The Hong Kong protests are raising already elevated tensions between the United States and China. But China’s biggest concern isn’t actually Hong Kong. It’s not the painful U.S. tariffs, the costly ban on Huawei network equipment, or even the United States’ diplomatic support for the protesters.
All of these policies have certainly added considerable friction to Sino–U.S. relations, but the deepening U.S. relationship with Taiwan is their biggest worry. The Hong Kong situation and Taiwan aren’t directly related, but each definitely affects the other.
China Needs Hong Kong as Financial Gateway
On the one hand, Chinese leader Xi Jinping can’t afford to damage the critical financial and diplomatic benefits that Hong Kong provides Beijing and the Chinese economy. Hong Kong remains China’s primary gateway to global financial and trade relationships.
On the other, if not contained, the movement could lead to other rebellions against the Chinese Communist Party (CCP). That possibility may force Xi to crack down on the protesters by playing the “Article 14 card.” Article 14 says that China’s Hong Kong-based military forces won’t interfere in local affairs, unless the Hong Kong government requests assistance “in the maintenance of public order.”
Such a request from Hong Kong leader Carrie Lam could come at any time.
Will Xi Use Article 14?
It appears that Xi may be leaning in that direction, or at least is using the threat of doing so. For instance, China’s state-run media have accused the United States of being behind the protests. Blaming foreign interference has been used in the past as a pretext for crackdowns.
In a news conference on July 24, Xi’s Defense Ministry spokesperson, Wu Qian, didn’t allay such fears, when she said that “some radical protesters’ actions challenge the authority of the central government and the bottom line of ‘one country, two systems.’” She also added that the ministry would follow Article 14 of Hong Kong’s Basic Law.
Is the CCP forecasting military intervention in Hong Kong? If so, how would the United States respond?
Will the US Remove Hong Kong’s Privileges?
Such a move by China could come at a very steep price. The United States may respond by playing the “U.S.-Hong Kong Policy Act card.”
The U.S.-Hong Kong Policy Act passed by Congress in 1992 gives Hong Kong special economic and trading privileges that include access to restricted technologies and an open currency exchange between the Hong Kong and U.S. dollar, as if it were a separate political entity from China. Hong Kong’s privileged treatment by the United States, along with its reputation as a center for international finance, has been a key advantage for China’s trade and financial relations with the rest of the world.
Military interference by China could lead the United States to void the U.S.-Hong Kong Policy Act. Further financial withdrawal from Hong Kong by the international community would likely follow, a blow that China’s ailing economy can ill afford. Plus, it would lower China’s standing in the world and raise Taiwan’s profile as a sanctuary for the peaceful protesters victimized by Xi’s military troops.
A Confluence of Risky Events
To avoid such potential catastrophes, Xi must adopt a less confrontational approach to resolving the Hong Kong protest movement, or hope that it loses momentum or public support. At the same time, he must somehow deter the United States from expanding its already deepening relationship with Taiwan.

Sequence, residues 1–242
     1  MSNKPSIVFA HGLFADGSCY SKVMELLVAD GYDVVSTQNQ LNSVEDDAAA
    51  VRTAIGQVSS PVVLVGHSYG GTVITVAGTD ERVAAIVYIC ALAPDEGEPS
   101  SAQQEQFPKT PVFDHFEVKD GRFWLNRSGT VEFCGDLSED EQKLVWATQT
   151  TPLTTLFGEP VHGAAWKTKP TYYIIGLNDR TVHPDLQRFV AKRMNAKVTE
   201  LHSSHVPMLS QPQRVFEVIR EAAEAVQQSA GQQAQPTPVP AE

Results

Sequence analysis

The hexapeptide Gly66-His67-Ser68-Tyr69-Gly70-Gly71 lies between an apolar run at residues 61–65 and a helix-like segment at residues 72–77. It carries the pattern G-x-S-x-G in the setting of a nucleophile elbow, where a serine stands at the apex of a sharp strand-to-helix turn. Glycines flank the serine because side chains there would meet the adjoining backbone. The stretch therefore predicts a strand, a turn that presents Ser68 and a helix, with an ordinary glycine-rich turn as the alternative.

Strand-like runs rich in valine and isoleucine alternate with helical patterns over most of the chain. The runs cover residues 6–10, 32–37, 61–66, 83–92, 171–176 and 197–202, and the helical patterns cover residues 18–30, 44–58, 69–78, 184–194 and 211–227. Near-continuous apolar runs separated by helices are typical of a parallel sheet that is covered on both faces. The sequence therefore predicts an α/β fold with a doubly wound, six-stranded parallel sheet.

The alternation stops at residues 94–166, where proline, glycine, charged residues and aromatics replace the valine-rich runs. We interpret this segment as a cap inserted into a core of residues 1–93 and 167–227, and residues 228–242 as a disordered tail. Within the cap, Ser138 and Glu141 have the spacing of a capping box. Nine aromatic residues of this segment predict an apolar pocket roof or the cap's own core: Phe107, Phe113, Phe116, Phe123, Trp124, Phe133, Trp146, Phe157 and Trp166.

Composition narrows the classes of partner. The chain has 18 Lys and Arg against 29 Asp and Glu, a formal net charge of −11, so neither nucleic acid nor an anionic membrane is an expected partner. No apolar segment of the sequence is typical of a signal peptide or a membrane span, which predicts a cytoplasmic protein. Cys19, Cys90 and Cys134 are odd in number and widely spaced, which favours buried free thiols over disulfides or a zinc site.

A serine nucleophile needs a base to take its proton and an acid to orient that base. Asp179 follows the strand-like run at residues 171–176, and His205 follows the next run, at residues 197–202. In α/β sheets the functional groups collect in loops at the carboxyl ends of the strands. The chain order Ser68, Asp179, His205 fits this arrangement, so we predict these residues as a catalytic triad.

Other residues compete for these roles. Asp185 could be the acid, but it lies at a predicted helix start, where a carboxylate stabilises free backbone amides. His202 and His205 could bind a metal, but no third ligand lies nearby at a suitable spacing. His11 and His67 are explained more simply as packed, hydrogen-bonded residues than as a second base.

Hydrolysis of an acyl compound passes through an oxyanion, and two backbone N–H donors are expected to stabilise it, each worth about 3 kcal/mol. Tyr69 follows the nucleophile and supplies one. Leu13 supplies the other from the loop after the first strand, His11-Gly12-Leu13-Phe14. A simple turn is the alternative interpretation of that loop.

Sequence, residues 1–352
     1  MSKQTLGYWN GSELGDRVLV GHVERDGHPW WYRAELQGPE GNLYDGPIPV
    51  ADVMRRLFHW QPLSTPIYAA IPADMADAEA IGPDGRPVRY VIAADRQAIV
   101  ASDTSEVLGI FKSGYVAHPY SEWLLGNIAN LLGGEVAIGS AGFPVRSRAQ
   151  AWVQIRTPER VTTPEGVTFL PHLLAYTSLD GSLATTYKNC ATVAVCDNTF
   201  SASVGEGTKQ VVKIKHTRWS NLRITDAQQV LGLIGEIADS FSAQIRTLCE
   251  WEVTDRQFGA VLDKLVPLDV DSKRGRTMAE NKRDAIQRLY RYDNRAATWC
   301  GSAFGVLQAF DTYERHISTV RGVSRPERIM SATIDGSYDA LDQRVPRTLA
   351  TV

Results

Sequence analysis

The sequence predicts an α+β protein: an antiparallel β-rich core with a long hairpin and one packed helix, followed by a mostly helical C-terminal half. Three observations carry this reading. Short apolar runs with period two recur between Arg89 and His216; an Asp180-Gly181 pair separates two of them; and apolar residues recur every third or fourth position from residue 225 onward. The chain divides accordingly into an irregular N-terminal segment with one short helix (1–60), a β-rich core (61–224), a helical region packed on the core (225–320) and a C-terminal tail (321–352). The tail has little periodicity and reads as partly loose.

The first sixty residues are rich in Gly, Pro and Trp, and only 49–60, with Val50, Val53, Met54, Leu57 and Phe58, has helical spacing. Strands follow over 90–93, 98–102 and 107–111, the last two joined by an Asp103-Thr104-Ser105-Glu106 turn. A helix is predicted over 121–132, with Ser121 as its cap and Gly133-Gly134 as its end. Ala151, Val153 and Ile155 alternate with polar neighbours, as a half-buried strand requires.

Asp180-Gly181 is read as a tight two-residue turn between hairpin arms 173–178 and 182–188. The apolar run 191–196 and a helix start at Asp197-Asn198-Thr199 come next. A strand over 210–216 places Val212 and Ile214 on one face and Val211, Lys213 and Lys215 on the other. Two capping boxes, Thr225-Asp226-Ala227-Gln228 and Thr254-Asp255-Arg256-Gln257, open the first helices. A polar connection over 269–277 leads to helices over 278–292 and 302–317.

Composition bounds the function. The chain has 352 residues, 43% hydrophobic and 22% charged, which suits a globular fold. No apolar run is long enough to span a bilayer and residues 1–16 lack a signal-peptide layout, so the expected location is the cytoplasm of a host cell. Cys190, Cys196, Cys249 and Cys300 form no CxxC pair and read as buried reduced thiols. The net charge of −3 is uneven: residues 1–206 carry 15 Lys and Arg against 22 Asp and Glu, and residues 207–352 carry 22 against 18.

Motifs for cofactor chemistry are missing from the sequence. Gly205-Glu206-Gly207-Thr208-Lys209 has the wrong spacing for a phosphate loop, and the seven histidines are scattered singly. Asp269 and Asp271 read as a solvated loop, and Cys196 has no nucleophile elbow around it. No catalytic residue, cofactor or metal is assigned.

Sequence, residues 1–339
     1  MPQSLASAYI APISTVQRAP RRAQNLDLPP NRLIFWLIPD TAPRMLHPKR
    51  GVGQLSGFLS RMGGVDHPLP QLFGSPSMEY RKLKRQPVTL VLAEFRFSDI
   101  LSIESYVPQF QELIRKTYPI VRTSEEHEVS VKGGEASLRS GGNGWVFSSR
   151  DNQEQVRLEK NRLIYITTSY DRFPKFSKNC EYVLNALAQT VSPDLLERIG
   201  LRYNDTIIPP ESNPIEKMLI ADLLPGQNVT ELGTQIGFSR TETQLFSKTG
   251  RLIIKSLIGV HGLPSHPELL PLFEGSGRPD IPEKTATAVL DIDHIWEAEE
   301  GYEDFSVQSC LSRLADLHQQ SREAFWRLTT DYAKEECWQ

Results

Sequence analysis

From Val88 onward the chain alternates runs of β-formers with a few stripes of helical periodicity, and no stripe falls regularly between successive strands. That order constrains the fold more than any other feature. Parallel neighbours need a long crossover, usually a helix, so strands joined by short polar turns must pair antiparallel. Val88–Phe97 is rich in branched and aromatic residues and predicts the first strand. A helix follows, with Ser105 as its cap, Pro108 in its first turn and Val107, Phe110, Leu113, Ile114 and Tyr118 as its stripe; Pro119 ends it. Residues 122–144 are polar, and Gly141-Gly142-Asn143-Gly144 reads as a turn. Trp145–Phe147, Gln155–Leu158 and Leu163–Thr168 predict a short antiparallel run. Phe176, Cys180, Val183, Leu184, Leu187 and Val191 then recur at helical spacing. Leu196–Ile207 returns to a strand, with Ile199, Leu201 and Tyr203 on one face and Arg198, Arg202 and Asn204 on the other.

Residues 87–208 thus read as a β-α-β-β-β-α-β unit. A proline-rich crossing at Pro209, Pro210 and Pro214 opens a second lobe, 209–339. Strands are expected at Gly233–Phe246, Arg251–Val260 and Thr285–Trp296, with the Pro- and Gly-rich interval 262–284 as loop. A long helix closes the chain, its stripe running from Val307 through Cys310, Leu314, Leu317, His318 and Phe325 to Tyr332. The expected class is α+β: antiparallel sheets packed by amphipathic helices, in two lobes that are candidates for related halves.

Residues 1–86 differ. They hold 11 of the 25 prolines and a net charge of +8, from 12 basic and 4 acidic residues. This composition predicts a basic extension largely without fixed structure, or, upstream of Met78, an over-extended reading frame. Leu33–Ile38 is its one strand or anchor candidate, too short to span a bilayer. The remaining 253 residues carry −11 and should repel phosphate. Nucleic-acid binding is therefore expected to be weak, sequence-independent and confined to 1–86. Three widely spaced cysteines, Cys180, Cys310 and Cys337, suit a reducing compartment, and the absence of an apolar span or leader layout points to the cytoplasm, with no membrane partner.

That may prove to be difficult and risky for both sides, as a confluence of events continues to add new complexities.
Earlier in July, Washington approved a multibillion-dollar arms deal with Taipei that includes the sale of 108 Abrams tanks, 250 Stinger missiles, and related equipment. This follows a 2018 agreement to sell Taiwan 144 upgraded F-16V fighter jets.
Both of these arms sales have been problematic for China. They are at odds with Xi’s vow early this year to reunite China and Taiwan, and in which he warned that China reserves the right to use force to do so, if necessary.
The increased frequency of U.S. warships in the Taiwan Strait under the Trump administration also has rankled the Chinese regime.
Turning Up the Rhetoric
China has responded to U.S. policies with rhetoric usually reserved for its domestic audience, announcing on July 24 that it’s ready to go to war if the United States continues to press for Taiwan’s independence.
At about the same time, over the Sea of Japan, Chinese, Russian, Japanese, and South Korean fighter jets overlapped flight paths in a dangerous display of competing territorial claims. And on July 24, North Korea, which relies upon China for food, heating oil, and other essentials, conducted two short-range missile launches that South Korea has identified as a new kind of threat.
Coordinated Leverage to Bargain With US?
The chances that these events aren’t related seems unlikely. War, or even the threat of war, is a high-risk tactic that could easily escalate to the detriment of everyone.
Yet, it may be that China, by threatening the war with the United States over its relationship with Taiwan, seeks to both deter the United States from selling arms to Taiwan, as well as minimize the blowback in the event of a crackdown in Hong Kong if, in fact, that were to occur.
Is that a rational approach for China to take? It might be. How the Hong Kong situation plays out remains to be seen. But it’s far from certain that what happens in Hong Kong, will stay in Hong Kong.
James Gorrie is a writer based in Texas. He is the author of “The China Crisis.”
Views expressed in this article are the opinions of the author and do not necessarily reflect the views of The Epoch Times.